Global perspective Human stories

Swaziland's judicial system requires urgent reforms, UN rights expert says

Swaziland's judicial system requires urgent reforms, UN rights expert says

Following weekend protests by leading jurists in Swaziland who refused to appear before any judges recently appointed by the Government, the top United Nations expert on judicial independence called on authorities in Mbabane to take immediate steps to shore up the country's crumbling judicial system.

Expressing dismay at the continued deterioration of the rule of law in Swaziland, Dato' Param Cumaraswamy, Special Rapporteur of the UN Commission on Human Rights on the independence of judges and lawyers, cited such recent developments as the protest resignation of the High Court's Chief Justice, and the impending possible deportation of two senior members of the Law Society of Swaziland as evidence that the country's judicial system may be near the "breaking point."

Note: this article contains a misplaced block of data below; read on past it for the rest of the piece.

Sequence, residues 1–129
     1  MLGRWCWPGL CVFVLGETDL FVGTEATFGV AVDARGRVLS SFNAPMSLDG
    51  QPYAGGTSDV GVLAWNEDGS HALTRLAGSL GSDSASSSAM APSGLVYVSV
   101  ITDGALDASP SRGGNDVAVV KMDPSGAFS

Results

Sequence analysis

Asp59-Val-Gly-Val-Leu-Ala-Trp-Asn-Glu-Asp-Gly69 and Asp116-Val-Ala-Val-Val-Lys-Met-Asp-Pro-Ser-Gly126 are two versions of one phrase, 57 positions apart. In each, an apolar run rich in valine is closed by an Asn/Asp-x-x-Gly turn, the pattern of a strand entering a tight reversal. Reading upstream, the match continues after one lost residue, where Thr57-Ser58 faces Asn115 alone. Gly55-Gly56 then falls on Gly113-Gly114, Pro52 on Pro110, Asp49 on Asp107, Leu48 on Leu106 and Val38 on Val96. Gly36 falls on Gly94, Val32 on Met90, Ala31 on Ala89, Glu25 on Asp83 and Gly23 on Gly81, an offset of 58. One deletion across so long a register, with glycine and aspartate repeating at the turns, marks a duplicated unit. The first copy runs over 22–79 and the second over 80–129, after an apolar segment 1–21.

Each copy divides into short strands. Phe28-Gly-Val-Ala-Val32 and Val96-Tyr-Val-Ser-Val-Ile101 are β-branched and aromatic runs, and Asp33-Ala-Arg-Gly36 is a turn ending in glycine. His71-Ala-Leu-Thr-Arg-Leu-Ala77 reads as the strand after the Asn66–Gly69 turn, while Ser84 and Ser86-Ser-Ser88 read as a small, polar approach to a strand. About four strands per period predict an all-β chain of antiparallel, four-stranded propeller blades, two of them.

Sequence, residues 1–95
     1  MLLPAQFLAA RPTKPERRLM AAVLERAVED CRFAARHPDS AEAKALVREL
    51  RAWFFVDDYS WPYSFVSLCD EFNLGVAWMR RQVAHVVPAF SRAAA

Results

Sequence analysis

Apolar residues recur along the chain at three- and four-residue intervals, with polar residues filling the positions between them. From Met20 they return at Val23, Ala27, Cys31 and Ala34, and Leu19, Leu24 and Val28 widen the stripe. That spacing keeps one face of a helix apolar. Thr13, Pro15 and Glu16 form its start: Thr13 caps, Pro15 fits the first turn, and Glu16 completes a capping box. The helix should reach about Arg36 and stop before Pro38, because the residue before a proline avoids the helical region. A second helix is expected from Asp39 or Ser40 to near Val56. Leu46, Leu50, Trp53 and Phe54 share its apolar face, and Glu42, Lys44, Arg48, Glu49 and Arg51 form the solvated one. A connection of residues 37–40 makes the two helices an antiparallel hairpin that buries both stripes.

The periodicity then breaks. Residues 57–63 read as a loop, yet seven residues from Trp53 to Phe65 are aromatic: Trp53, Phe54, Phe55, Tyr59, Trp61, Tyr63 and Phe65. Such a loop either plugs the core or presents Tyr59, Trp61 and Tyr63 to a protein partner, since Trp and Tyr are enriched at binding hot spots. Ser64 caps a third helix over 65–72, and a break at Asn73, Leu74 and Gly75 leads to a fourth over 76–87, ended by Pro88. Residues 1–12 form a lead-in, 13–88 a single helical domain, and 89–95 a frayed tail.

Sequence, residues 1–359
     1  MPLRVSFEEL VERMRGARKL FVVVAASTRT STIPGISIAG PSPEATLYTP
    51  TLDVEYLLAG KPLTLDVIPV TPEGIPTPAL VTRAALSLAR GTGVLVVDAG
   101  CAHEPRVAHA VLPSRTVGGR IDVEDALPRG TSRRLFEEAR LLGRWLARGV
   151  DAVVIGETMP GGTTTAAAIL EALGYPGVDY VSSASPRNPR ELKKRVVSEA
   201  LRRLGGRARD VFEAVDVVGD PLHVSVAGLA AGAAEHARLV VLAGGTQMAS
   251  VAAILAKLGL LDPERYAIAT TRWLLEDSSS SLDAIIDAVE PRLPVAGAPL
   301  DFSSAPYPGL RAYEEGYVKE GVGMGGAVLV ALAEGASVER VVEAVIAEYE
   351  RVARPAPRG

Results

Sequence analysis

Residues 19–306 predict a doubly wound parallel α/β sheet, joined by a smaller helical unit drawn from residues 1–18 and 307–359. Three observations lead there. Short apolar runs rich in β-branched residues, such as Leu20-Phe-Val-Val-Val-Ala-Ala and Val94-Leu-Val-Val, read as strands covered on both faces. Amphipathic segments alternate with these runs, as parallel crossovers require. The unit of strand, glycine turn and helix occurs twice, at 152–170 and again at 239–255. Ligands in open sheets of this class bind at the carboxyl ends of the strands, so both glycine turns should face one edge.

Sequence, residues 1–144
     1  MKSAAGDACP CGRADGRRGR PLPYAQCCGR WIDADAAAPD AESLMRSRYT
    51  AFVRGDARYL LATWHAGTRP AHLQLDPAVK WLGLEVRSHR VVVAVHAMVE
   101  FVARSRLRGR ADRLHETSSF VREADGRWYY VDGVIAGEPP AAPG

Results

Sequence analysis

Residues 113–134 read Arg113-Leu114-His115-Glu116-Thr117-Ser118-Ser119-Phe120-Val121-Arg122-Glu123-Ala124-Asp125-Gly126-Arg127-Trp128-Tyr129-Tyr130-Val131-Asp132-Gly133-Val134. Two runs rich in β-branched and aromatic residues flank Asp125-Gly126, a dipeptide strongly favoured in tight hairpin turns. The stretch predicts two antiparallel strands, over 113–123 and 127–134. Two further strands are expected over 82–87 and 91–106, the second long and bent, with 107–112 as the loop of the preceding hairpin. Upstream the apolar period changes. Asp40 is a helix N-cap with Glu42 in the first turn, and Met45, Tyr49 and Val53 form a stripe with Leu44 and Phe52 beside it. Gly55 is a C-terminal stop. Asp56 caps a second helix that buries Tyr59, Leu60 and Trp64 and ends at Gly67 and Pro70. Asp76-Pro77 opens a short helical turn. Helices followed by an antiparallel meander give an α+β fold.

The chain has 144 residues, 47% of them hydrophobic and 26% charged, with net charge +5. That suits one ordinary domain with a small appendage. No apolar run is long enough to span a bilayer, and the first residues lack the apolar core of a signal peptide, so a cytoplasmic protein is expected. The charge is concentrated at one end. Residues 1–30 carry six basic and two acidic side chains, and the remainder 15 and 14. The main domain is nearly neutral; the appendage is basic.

"The justice system cannot function in this environment of mistrust," Mr. Cumaraswamy said, urging the Government to take immediate steps to avert an impending crisis. He recalled the International Bar Association's recent report on the country, which urged the Government to establish a national plan of action to address serious flaws in the justice system and to implement urgently needed reforms, including a new draft constitution.

"Swaziland needs today, more than ever, a separation of powers between its executive and judicial branches of government in order to function as a fully democratic nation," he added.